(Editor's Note: The "Sunday Morning" essay is a personal opinion
piece and does not reflect the views of SonicNet Inc., or its affiliated
Editorial Director Michael Goldberg writes:
When I heard that the former leader of '80s new-wave band the Cars was
producing the new Guided by Voices album, I breathed a sigh of relief.
With Ric Ocasek at the helm, how could GBV fail to finally achieve the
success they have long deserved?
After all, Ocasek helped Weezer, among others, create hit albums.
Yet weeks after the release of the amazing Do the Collapse, the
CD still has not broken into the Billboard 200 albums chart.
Guided by Voices make quirky pop music in the tradition of '60s bands
like the Beatles and the Beach Boys, '70s power-pop cult heroes like Big
Star and the Flamin' Groovies, and are peers of (and influences on) '90s
lo-fi wizards such as Apples in Stereo and Olivia Tremor Control.
Led by Robert Pollard a former school teacher with a robust thirst
for beer who lives in Dayton, Ohio Guided by Voices have had a
shifting cast of musicians, but their album-to-album consistency confirms
that Pollard is the group's creative mastermind.
There is a mind-blowing beauty to the work of Guided by Voices, and the
new album is the kind of masterpiece that compels you to play it over
and over and over. Songs such as the oughta-be-a-hit opening track,
"Teenage FBI" (RealAudio
excerpt), the heartbreaking ballad "Hold On Hope"
excerpt), the addictive pop-grunge rocker "Much Better Mr.
excerpt) and the guitars-a-blazin' "Strumpet Eye" get better
with each listen.
Guided by Voices initially caught the attention of critics, including
former SonicNet album reviews editor Michael Azerrad, who were taken
both by the group's sound and by their lo-fi aesthetic. Early albums up
through the breakthrough Bee Thousand (1994) were recorded on
primitive four-track and eight-track recorders.
By using lo-fi equipment, the group created a sound that seemed to have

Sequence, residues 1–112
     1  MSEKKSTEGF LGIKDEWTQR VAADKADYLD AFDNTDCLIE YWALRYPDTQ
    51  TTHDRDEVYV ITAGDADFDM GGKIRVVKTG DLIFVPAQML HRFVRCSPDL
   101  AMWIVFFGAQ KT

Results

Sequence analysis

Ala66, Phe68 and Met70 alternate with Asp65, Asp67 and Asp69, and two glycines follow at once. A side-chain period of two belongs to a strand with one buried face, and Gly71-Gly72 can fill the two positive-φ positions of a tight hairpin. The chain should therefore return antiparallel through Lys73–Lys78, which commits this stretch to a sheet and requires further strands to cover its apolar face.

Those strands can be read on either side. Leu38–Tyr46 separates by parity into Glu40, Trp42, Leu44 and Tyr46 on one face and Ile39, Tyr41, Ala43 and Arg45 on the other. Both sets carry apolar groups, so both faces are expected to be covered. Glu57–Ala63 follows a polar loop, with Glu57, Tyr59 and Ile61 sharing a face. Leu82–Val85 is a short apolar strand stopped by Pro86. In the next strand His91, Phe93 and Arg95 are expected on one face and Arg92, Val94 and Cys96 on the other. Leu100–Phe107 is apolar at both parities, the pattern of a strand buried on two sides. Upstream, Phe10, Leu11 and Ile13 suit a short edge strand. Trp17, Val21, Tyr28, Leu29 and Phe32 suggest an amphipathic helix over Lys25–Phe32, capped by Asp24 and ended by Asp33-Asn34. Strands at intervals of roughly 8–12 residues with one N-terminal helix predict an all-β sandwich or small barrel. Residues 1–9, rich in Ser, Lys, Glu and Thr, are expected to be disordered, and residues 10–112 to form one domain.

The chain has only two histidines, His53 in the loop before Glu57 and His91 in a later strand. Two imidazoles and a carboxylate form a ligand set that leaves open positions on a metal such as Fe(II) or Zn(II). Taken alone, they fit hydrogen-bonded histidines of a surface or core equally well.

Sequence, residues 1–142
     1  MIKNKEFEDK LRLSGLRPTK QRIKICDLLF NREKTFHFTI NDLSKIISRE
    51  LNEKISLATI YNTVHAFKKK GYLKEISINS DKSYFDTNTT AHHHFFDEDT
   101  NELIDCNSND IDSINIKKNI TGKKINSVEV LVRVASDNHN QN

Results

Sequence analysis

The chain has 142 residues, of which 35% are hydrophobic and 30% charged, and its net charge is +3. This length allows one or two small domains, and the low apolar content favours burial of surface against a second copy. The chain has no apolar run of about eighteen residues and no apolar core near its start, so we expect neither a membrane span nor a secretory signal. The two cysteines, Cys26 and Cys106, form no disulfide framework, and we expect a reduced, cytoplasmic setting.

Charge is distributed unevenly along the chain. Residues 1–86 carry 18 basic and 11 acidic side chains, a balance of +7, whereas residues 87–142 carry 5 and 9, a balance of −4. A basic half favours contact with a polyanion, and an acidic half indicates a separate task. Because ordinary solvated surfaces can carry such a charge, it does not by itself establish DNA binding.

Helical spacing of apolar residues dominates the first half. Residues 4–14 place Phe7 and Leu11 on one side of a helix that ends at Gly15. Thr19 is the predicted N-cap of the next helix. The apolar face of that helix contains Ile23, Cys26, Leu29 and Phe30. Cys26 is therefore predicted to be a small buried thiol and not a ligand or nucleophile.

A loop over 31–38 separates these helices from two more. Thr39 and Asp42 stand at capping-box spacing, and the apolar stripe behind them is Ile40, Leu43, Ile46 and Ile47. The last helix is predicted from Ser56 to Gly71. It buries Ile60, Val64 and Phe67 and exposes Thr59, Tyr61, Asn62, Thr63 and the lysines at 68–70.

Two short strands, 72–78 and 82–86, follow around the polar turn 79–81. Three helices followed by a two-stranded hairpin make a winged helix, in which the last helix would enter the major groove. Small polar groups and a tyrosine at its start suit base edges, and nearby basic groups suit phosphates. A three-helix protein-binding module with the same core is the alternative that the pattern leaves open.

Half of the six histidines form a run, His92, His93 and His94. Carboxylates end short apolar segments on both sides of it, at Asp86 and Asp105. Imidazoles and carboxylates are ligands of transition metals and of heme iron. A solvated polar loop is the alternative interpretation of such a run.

reached us after crossing galaxies: distant, remote and, at times, hard
to make out an elusive something found as one was searching the
radio dial late at night, zeroing in on a faint sonic gem coming through
between two stronger stations.
As we found out more about GBV, we learned that it was necessity, not
aesthetic choice, initially, that accounted for the lo-fi recordings.
And as time went on, it became clear that Pollard was ready, willing and
able to enter a big-time recording studio and make aurally Technicolor
After experiments with producers that included a record partially
produced by Steve Albini and former Pixies member/ Breeders leader Kim
Deal, Pollard has found his perfect match in Ocasek. While some hear
new-wave production touches, I just hear an album that renews my faith
in the magic of rock 'n' roll.
At a time when the charts continue to be dominated by slop like LFO's
"Summer Girls" and former Mouseketeer Christina Aguilera's "Genie in a
Bottle," Guided by Voices take the high road. For all I know, Pollard
thinks he's compromising by working with a known hit-maker such as Ocasek
and filling the album with gorgeous hooks.
But I've never felt that an artist's intentions have anything to do with
whether what they produce is art or junk. I'm sure Dan Fogelberg thinks
he's a sensitive artist. But he's not. His lyrics are Hallmark greeting
cards set to maudlin jingles.
In the '50s, James Brown went into the recording studio to cut hits; what
he came out with was art that has withstood the test of time. Oh yeah,
and his art topped the charts, too.
These are dark times, and this year has seen brilliant album after
brilliant album come out, only to vanish without making so much as a
blip on the commercial radar screen check Sparklehorse, check
Flaming Lips, check Sleater-Kinney.
I wish things were different for those bands, and for Guided by Voices.
The second-to-last track of Do the Collapse is titled "Picture
Me Big Time" (RealAudio
excerpt). Yeah, baby!